Lost or Forgotten Oldie of the Day: 1974 Bobby Womack – Lookin’ For A Love

1974 Bobby Womack – Lookin’ For A Love

Bobby Womack and his four brothers grew up in the slums of Cleveland. Their mother played the organ in church and their father was a part-time minister who also played the guitar. It’s no surprise that the five boys grew up to sing together in the church choir. They toured in the Midwest as a gospel group, The Womack Brothers, with Mom and Dad playing instrumental support. The family even recorded a single in 1954, Buffalo Bill by Curtis Womack and the Womack Brothers.

Sam Cooke was the lead singer of The Soul Stirrers, and he helped the brothers get serious about touring; they eventually toured nationally with The Staple Singers. Sam formed SAR Records and signed the brothers in 1961. They released a few unsuccessful gospel songs, after which Sam got them to change their name to the Valentinos and had them record secular music.

The brothers had recorded the gospel song Couldn’t Hear Nobody Pray. Sam arranged and produced their first non-gospel single, Lookin’ For  A Love, which was clearly based on the gospel song they had previously recorded. The single stalled at #72 on the Hot 100 in 1962, but reached #8 on the R&B chart and sold over two million copies. The record made it possible for the brothers to open for James Brown on a national tour. In early 1972, the song became the first charting single for the J. Geils Band.

Bobby co-wrote the group’s 1964 singleIt’s All Over Now. Their record had just started to reach the charts when a British group recorded the song: The Rolling Stones. Bobby was upset at first that his record had been covered, but the significant royalty checks that started coming in from the Stones were a welcome source of income.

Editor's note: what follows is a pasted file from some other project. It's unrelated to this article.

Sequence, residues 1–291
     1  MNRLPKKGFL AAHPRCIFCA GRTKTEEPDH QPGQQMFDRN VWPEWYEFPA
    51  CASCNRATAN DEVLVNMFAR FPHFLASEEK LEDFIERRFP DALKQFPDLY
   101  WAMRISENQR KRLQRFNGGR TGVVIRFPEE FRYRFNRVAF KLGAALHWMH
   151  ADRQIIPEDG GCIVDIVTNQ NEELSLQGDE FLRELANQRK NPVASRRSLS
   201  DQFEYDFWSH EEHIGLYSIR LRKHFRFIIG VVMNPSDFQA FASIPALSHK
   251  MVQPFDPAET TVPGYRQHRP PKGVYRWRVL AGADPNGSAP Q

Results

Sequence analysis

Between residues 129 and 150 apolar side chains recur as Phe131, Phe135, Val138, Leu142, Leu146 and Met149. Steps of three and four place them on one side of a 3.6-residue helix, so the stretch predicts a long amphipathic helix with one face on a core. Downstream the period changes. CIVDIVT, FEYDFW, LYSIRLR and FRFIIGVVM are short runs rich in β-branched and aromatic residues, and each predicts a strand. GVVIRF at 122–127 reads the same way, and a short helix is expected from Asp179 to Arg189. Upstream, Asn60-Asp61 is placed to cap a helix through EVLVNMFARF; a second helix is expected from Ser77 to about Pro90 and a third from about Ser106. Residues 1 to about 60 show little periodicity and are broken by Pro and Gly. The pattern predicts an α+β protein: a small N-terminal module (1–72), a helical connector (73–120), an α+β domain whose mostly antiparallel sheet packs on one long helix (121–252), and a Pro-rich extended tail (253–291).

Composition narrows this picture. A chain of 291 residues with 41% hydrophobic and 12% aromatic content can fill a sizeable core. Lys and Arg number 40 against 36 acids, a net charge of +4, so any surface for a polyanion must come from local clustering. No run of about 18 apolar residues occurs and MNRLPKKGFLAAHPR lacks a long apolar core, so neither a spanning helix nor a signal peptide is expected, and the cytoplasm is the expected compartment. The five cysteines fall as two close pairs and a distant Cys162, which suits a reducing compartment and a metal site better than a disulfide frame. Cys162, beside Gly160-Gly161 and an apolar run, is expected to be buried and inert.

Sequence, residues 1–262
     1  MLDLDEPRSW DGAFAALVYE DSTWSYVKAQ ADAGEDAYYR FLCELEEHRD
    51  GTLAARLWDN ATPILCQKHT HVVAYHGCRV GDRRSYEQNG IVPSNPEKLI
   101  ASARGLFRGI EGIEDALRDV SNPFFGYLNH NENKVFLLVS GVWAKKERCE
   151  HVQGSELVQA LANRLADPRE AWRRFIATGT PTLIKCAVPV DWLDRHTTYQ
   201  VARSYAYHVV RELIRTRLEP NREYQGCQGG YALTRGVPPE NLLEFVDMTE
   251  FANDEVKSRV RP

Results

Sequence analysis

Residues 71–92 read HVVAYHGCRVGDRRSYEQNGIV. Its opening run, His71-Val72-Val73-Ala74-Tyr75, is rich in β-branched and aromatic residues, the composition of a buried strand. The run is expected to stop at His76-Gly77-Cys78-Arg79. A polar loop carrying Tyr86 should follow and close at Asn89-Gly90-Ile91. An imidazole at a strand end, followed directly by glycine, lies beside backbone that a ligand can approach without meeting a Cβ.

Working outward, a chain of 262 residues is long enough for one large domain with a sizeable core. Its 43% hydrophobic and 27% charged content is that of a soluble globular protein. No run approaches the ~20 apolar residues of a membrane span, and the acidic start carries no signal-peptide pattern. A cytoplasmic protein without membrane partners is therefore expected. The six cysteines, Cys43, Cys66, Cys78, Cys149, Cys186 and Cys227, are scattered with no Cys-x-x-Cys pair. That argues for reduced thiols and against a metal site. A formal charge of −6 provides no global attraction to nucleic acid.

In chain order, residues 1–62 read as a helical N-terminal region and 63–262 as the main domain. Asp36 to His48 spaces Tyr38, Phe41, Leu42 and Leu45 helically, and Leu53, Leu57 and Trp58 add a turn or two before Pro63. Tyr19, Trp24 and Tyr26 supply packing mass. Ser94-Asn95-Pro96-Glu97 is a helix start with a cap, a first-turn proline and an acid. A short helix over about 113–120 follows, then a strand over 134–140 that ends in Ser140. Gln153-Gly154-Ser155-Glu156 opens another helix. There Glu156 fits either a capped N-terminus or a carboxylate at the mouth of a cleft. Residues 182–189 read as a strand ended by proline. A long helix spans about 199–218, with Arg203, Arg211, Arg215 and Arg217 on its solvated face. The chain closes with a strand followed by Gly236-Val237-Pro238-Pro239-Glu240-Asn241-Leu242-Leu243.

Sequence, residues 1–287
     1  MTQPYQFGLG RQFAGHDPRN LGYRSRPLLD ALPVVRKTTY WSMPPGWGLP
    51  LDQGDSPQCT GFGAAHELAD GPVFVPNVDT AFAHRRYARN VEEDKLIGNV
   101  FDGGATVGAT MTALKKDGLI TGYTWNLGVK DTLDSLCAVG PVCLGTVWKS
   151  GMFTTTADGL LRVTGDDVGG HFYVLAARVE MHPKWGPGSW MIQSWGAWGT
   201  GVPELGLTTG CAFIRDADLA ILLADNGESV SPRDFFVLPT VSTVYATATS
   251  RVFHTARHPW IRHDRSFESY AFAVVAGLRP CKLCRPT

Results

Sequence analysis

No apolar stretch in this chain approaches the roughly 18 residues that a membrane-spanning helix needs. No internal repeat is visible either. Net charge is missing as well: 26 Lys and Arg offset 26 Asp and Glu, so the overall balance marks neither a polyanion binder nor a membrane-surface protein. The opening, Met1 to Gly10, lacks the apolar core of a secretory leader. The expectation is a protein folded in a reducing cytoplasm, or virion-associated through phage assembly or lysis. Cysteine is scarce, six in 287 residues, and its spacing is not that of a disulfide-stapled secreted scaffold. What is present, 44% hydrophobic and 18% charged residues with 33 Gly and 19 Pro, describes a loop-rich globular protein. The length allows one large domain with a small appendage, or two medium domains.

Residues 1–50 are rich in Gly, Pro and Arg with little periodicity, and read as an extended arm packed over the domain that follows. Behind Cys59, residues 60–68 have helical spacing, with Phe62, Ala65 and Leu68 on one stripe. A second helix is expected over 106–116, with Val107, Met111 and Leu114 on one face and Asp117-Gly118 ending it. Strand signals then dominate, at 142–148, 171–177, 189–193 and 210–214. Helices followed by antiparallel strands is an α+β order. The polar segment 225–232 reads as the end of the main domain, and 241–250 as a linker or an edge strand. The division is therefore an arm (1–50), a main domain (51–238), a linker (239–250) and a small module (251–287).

Sam was shot and killed in a hotel in December 1964, resulting in the closing of his record label and the dissolution of the Valentinos. In March 1965, one day after his 21st birthday, Bobby married Sam’s widow. This created a scandal that made it nearly impossible for Bobby to pursue a solo career for a few years, so he worked as a session musician and played guitar as part of Ray Charles’ touring band.

Bobby returned to recording in 1968 (with his brothers provided back-up vocals) and had a hit with a cover of California Dreaming. His single reached #20 on the R&B chart and just missed the top forty on the Hot 100. He recorded a series of records that just reached the bottom of the R&B top forty chart. He finally returned to the Hot 100 when he co-wrote and recorded That’s The Way I Feel About Cha in 1972. The single reached #27 on the Hot 100 and peaked at #2 on the R&B chart.

Woman’s Gotta Have It became his first #1 record on the R&B chart later that year, and two more records barely got into the Hot 100 top forty and the R&B top ten in 1972 and 1973.

Bobby re-recorded I’m Lookin’ For A Love as a solo record in 1974, and that became his most successful single. The record not only topped the R&B chart, but it also reached #10 on the Hot 100.

While Bobby never did well again on the pop charts, over the next eleven years, he had a half-dozen top ten hits on the R&B chart and nearly a dozen minor hits.

They inducted Bobby into the Rock & Roll Hall Of Fame in 2009. He died at age 70 in 2014.

https://en.wikipedia.org/wiki/Bobby_Womack
https://en.wikipedia.org/wiki/Bobby_Womack_discography
https://en.wikipedia.org/wiki/Lookin%27_for_a_Love

My books are on sale on Amazon (or free with Kindle Unlimited) and contain a lot more Lost or Forgotten Oldies. You can visit my author page to see them and you can read them for free with Kindle Unlimited!

Leave a Reply

Fill in your details below or click an icon to log in:

WordPress.com Logo

You are commenting using your WordPress.com account. Log Out /  Change )

Google photo

You are commenting using your Google account. Log Out /  Change )

Twitter picture

You are commenting using your Twitter account. Log Out /  Change )

Facebook photo

You are commenting using your Facebook account. Log Out /  Change )

Connecting to %s